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I'm trying to create a function that will return the even numbered elements in a list.

For example:

(evens '(a b c d)) 

should return

(b d)

The code below seems to work for lists that have and odd numbers of elements, but if I give it a list with an even number of elements, it is incorrect.

For example:

(evens '(a b c d e))

will return

(b d)

But:

(evens '(a b c d))

will return

(a c)

Any thoughts?

Changed my code to:

(DEFINE (evens lis)
(cond
    ((null? lis) '())   
    (else (cons (cadr lis) (evens (cdr lis))))
    ))

Gets a error saying that the object passed to safe-car is not a pair?

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1  
Step through the code and the error should become readily apparent. (It's in the first iteration.) –  Raymond Chen Nov 14 '12 at 5:50
    
You should have added the new code, not replaced the old. Now the question is incomplete and part of it isn't relevant any more. –  itsbruce Nov 14 '12 at 8:02
    
possible duplicate of A scheme procedure that returns a list of every other element –  Óscar López Nov 14 '12 at 11:35
    
a related, congenial answer - in F#. Highly recommended!! In Scheme, you need the cddr function. –  Will Ness Nov 14 '12 at 12:27

4 Answers 4

The problem is that if your list has an even number of elements, the modulo branch is matched and you start consing with the car of the list ... hence in your example, you get the a, and so on.

More importantly, though, you don't need to use length for this function ... and you shouldn't: since length takes linear time in the length of the list, evens now takes quadratic time.

Suggestion: your program should 'remember' whether it's in an 'odd' or 'even' location at each recursive step ... how could you do this (there are several ways)?

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Your code has few missing checks and a bit of incorrect logic.

(define (evens lis)
(cond
    ((null? lis) '())   
    ((eq? (cdr lis) '()) '()) ;missing condition
    (else (cons (cadr lis) (evens (cddr lis)))))) ; it is cddr not cdr
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I'm going to answer your question with commented examples, in the hope that you actually learn something instead of just being given code that works. Actually, looking at several pieces of code may be more enlightening, assuming that you're new to scheme.

Your original definition looked like this:

(define (evens lis)
  (cond (;; Check: Recursion stop condition
         (null? lis)
         '())
        (;; Wrong: Calling length at each step => O(n^2)
         ;; Wrong: Assuming even element if list has even number of elements
         (= (modulo (length lis) 2) 0) 
         ;; Wrong: Recursing with the rest of the list, you'll get odds
         (cons (car lis) (evens (cdr lis)))) 
        (else
         ;; Wrong: Recursing with the rest of the list with cdr, you'll get odds
         (evens (cdr lis)))))

Afterwards, you've edited your question to update it to something like this:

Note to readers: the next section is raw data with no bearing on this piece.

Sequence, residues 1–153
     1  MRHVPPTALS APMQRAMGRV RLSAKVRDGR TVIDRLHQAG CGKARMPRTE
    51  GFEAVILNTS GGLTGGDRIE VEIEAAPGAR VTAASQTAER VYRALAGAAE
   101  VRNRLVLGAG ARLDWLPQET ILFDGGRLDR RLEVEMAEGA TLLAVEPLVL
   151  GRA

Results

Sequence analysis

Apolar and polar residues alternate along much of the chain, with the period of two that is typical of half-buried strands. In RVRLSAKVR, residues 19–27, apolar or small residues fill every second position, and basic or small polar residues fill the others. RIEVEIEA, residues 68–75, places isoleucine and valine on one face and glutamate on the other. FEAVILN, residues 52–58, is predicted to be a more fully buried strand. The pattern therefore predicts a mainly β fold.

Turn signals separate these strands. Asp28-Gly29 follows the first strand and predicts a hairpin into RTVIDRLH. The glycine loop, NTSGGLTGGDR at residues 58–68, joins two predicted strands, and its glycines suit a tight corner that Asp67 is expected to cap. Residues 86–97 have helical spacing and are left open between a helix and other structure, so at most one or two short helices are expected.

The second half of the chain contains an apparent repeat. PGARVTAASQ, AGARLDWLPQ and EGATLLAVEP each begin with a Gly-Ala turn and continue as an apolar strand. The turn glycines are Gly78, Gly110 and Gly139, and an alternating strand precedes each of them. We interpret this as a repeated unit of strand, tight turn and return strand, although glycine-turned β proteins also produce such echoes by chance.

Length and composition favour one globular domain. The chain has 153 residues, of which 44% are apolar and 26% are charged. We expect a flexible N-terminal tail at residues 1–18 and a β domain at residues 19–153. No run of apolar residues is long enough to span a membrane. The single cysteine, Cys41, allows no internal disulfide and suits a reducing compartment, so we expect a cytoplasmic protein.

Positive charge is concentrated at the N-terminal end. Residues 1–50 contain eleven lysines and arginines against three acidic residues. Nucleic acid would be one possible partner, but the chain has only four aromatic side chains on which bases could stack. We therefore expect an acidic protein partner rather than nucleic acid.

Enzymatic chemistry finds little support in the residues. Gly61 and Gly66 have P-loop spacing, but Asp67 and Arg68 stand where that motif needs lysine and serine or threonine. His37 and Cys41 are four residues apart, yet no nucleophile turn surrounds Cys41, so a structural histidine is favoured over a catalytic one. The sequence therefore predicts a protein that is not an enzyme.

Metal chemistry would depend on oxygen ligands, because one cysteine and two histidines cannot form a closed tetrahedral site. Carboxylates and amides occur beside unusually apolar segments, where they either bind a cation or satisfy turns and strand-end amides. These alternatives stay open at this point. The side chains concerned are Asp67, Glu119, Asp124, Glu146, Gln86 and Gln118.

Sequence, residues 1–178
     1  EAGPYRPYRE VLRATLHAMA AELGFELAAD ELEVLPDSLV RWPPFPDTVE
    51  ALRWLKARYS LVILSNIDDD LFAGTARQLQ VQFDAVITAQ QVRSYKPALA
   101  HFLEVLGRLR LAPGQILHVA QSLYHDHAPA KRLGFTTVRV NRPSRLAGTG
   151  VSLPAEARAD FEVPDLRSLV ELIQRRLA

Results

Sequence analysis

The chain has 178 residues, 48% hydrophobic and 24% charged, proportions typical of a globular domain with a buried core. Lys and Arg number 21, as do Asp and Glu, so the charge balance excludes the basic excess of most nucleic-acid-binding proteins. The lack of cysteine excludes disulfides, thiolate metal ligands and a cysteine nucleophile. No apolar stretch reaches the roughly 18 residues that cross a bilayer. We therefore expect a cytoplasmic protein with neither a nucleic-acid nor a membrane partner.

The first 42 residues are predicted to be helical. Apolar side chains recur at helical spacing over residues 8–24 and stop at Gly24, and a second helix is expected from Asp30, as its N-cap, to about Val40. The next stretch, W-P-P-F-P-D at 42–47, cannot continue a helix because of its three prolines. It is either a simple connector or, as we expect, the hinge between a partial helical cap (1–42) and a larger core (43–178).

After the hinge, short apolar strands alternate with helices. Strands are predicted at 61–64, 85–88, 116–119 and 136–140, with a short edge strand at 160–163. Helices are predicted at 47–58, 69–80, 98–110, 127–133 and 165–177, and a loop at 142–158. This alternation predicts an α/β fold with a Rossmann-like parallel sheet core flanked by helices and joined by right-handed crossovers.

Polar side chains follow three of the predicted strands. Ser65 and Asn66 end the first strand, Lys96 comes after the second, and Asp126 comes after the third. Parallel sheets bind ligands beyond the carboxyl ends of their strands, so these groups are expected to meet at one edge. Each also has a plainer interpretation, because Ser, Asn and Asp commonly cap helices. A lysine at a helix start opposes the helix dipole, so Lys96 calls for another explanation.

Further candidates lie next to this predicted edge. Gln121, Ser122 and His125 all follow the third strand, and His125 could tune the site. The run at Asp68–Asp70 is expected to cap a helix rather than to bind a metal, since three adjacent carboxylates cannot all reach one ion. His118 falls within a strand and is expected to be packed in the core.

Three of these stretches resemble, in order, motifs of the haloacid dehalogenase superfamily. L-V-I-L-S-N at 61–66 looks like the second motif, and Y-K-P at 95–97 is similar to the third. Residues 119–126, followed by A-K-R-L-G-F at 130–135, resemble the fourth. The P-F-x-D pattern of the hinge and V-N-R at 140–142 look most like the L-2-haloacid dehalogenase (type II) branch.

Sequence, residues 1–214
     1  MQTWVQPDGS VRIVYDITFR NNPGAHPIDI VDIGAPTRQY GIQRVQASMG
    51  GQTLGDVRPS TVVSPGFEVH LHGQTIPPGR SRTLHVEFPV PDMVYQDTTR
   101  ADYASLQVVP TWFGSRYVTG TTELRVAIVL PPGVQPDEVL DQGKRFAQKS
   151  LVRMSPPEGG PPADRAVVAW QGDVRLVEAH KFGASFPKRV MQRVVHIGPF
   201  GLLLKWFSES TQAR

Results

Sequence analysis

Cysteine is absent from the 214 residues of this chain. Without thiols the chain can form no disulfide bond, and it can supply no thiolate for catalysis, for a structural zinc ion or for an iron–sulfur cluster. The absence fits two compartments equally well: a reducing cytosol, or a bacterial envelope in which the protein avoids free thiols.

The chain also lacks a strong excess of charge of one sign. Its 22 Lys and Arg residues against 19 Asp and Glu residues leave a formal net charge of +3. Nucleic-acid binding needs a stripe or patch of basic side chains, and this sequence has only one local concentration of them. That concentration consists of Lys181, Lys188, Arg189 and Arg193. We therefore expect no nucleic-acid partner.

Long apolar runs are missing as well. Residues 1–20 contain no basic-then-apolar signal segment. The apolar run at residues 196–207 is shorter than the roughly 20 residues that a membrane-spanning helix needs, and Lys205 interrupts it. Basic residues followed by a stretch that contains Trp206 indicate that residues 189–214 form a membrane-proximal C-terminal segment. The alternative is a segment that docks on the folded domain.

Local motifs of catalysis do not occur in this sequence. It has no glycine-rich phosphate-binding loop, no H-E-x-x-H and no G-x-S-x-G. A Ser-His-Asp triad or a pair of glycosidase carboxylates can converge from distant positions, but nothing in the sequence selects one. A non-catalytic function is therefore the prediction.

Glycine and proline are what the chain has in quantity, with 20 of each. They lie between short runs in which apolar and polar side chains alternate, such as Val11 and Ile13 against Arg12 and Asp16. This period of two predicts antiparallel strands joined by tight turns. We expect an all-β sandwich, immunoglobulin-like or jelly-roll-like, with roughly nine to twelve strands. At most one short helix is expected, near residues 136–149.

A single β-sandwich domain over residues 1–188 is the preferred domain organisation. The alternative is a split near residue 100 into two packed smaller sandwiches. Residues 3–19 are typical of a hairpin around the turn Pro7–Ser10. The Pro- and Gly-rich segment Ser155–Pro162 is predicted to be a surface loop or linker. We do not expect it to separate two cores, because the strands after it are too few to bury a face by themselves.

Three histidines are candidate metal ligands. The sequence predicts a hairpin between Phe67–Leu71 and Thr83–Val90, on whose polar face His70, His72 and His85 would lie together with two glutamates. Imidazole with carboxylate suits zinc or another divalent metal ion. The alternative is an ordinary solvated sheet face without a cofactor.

(define (evens lis)
  (cond (;; Check: Recursion stop condition
         (null? lis)
         '())   
        (else
         ;; Check: Building list with second element
         ;; Wrong: If lis only has 1 element,
         ;;        (cdr lis) is null and (car (cdr list)) is an error.
         (cons (cadr lis)
               ;; Wrong: Recursing with cdr, you'll get odds
               (evens (cdr lis))))))

A solution is to check if the list has at least a second element:

(define (evens lis)
  (cond (;; Check: Recursion stop condition 1
         (null? lis)
         '())
        (;; Check: Recursion stop condition 2: list of length = 1
         (null? (cdr lis))
         '())
        (else
         ;; Check: Building list with second element
         ;; The previous cond clauses have already sorted out
         ;; that lis and (cdr lis) are not null.
         (cons (cadr lis)
               ;; Check: Recurse "the rest of the rest" of lis with cddr
               (evens (cddr lis)))))

Exercise: Use if and or to simplify this solution to only have 2 branches.

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This same question has been asked time and again over the last couple of days. I'll give a direct answer this time, to set it straight:

(define (evens lst)
  (if (or (null? lst)             ; if the list is empty 
          (null? (cdr lst)))      ; or the list has a single element
      '()                         ; then return the empty list
      (cons (cadr lst)            ; otherwise `cons` the second element
            (evens (cddr lst))))) ; and recursively advance two elements

And here's how to do some error checking first:

(define (find-evens lst)
  (if (list? lst)
      (evens lst)
      (error "USAGE: (find-evens [LIST])")))
share|improve this answer
    
Can this question be marked as a duplicate? Or rather, the others, since this one seems to have attacted more attention and answers? –  Paulo Madeira Nov 14 '12 at 11:44
    
@PauloMadeira I already marked this one as duplicate, only the first question should remain. –  Óscar López Nov 14 '12 at 11:54

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